Where do you draw your inspiration from? When does inspiration and imitation go from an extreme form of flattery to a blatant rip-off? If you’re into pop music, you may follow or at least be aware of the ongoing “feud” between Lady Gaga and Madonna. You see, Gaga is a fan of Madonna’s work and career. She grew up listening to her music. She began taking cues from Madonna’s book of publicity and fame by imitating how Madge dresses, how she flirts with controversy and in the past few years, according to Madonna, even how she writes her songs! Madonna went from being flattered to clearly ticked that Lady Gaga patterned her rise to fame after her own because considering Madonna’s been at the top of her game for 30 years and is still relevant, who would want some newbie like Lady Gaga climbing just as quickly to reach that mega-star status?
What does Lady Gaga and Madonna’s spat have to do with design? It’s all about where you draw your own inspiration from. Someone once told me that no idea in design is truly original. As creative, artsy folk, we designers should cringe and feel faint at such a thought. We are creative! Everything we produce is groundbreaking, fresh, new, trend setting. Or … is it? The truth is that we’re all Lady Gaga in a sense, looking at what’s been done, what’s worked well, and have attempted to put our own spin on it.
As a designer, I draw inspiration from far too many sources to make the claim that I’m truly an original. If I’m out and about and see an interesting color combination I mentally log it and will toss it into an appropriate design. If I see an awesome painting I’ll sometimes take elements of what I liked from it and will create an awesome vector from it. As I’m reading a magazine I’ll rip out the layouts that stand out to me or will save the ads that made an impression. Yes, in a way I’m a graphic recycler and if you’re a designer or creative type, so are you!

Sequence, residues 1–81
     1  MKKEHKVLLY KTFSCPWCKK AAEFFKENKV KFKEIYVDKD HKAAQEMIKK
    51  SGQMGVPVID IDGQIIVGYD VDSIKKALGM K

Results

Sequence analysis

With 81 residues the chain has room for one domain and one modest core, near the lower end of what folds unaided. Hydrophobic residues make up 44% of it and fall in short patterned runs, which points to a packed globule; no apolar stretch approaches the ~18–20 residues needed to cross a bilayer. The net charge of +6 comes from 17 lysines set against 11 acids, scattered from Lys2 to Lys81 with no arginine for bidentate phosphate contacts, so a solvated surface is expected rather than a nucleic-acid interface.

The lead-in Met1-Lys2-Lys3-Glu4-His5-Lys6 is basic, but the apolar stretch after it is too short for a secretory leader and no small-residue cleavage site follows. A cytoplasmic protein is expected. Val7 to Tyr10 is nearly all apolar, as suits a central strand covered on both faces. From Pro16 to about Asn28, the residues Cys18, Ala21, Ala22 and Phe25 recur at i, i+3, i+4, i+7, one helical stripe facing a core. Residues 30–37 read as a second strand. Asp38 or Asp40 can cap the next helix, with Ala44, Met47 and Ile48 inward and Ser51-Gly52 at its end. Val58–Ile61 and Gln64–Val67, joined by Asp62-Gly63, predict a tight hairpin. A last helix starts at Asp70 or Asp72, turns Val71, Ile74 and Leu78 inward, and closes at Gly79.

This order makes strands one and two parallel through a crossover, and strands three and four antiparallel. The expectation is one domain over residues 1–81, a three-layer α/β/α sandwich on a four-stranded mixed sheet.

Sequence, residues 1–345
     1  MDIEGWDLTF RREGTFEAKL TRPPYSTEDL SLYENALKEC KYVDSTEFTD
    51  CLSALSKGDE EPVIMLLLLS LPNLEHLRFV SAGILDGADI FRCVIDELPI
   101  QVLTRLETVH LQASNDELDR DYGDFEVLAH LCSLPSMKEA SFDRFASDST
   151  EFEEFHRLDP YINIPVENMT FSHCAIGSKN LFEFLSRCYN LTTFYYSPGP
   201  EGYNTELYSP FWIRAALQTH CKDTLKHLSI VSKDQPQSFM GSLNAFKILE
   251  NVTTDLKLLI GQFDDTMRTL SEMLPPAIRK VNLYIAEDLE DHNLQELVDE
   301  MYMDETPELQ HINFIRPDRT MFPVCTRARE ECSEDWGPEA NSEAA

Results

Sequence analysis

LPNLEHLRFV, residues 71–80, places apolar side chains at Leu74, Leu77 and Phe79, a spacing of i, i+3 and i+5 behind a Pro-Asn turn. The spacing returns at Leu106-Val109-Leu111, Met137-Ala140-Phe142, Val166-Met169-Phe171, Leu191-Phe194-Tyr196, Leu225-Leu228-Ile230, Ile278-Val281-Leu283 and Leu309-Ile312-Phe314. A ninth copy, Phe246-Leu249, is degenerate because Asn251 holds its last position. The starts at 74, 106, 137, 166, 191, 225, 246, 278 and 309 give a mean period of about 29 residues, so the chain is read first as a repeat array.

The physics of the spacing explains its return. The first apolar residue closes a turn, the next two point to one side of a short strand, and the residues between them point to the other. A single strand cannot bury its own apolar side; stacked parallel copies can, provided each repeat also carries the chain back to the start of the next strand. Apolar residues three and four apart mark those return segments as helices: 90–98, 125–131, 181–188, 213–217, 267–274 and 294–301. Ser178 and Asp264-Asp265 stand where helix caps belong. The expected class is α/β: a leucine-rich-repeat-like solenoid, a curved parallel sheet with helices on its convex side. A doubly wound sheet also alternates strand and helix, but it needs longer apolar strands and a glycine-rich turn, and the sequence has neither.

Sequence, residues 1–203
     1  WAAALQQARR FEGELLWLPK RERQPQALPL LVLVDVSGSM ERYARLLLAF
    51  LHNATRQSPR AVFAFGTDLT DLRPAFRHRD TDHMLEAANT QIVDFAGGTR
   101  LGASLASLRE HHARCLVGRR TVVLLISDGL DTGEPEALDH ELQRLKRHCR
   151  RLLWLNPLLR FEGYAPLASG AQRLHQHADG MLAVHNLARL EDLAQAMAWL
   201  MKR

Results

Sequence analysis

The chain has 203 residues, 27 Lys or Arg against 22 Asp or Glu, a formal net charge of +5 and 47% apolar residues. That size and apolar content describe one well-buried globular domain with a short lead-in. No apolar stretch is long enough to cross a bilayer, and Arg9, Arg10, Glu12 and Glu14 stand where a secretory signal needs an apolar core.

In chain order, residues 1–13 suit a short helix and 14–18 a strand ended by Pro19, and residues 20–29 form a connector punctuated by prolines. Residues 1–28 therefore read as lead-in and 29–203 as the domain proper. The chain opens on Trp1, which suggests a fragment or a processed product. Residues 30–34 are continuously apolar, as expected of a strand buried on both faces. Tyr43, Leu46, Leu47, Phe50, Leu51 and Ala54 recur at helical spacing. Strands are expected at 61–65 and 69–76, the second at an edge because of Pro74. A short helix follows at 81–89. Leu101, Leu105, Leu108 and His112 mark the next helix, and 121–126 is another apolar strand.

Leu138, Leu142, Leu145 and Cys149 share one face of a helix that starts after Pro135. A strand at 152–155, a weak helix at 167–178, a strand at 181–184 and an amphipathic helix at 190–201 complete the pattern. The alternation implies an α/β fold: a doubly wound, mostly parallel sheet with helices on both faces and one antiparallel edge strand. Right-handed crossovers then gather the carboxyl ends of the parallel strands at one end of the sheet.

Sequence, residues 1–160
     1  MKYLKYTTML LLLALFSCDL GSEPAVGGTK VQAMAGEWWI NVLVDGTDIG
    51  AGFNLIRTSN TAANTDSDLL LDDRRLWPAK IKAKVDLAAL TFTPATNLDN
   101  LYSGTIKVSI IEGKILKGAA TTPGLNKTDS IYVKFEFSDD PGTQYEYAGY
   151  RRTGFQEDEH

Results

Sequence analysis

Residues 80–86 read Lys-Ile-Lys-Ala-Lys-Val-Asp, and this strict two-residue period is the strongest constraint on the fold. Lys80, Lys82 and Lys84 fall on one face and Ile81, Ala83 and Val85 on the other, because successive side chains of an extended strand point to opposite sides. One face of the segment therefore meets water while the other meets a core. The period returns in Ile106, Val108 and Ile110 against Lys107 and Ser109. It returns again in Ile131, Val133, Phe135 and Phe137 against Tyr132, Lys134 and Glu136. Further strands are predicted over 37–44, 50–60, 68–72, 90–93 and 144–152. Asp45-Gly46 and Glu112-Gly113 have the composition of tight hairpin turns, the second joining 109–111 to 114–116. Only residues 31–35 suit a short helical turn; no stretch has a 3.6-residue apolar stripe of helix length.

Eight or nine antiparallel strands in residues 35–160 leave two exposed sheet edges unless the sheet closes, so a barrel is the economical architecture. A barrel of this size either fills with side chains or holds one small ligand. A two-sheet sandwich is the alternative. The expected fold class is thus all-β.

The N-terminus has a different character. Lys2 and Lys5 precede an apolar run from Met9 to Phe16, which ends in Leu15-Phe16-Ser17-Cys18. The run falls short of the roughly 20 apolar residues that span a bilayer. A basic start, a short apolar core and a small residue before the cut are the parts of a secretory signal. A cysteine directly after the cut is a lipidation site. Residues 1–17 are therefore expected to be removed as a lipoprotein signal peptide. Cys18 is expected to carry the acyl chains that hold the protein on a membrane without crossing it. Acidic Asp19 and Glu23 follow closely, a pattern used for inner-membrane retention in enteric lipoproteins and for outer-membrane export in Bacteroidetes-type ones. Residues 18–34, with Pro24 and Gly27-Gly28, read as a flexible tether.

Look, no one wants to be a Lady Gaga, continually dodging “copy cat” calls or defending the authenticity of our design. At the same time, you can’t be a great designer or creative type without looking at what came before you and making it better. That’s how I’d define graphic design: the art of taking what’s been done a dozen or more times and refreshing it to make it look and feel modern and even better. Consider yourself a DJ and you’ve been handed a standard classic song that people have heard played non-stop on the radio (like, any Adele song). How do you get people to continue to listen to it without growing tired and ill of it? Remix it! Change the beat, change the vibe, give it some new cover art.
Acknowledge those who’ve come before you and where you draw your inspiration from but don’t be afraid to put your own spin on what many may see as an old and tried idea.